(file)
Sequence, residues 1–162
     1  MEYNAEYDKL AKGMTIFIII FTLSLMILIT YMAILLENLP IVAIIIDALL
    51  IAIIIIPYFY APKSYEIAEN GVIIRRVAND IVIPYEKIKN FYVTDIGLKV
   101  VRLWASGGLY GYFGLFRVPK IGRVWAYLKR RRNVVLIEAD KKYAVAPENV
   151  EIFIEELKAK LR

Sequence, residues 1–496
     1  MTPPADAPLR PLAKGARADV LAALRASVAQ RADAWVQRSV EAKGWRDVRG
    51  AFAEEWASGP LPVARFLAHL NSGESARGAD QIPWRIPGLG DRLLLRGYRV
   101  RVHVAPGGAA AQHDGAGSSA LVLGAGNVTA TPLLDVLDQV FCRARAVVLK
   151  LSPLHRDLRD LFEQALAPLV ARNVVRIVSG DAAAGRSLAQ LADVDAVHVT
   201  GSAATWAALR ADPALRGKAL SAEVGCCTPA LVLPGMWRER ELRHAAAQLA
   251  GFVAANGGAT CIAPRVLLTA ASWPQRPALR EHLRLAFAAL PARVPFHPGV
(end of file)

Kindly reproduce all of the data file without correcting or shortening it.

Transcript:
Sequence, residues 1–162
     1  MEYNAEYDKL AKGMTIFIII FTLSLMILIT YMAILLENLP IVAIIIDALL
    51  IAIIIIPYFY APKSYEIAEN GVIIRRVAND IVIPYEKIKN FYVTDIGLKV
   101  VRLWASGGLY GYFGLFRVPK IGRVWAYLKR RRNVVLIEAD KKYAVAPENV
   151  EIFIEELKAK LR

Sequence, residues 1–496
     1  MTPPADAPLR PLAKGARADV LAALRASVAQ RADAWVQRSV EAKGWRDVRG
    51  AFAEEWASGP LPVARFLAHL NSGESARGAD QIPWRIPGLG DRLLLRGYRV
   101  RVHVAPGGAA AQHDGAGSSA LVLGAGNVTA TPLLDVLDQV FCRARAVVLK
   151  LSPLHRDLRD LFEQALAPLV ARNVVRIVSG DAAAGRSLAQ LADVDAVHVT
   201  GSAATWAALR ADPALRGKAL SAEVGCCTPA LVLPGMWRER ELRHAAAQLA
   251  GFVAANGGAT CIAPRVLLTA ASWPQRPALR EHLRLAFAAL PARVPFHPGV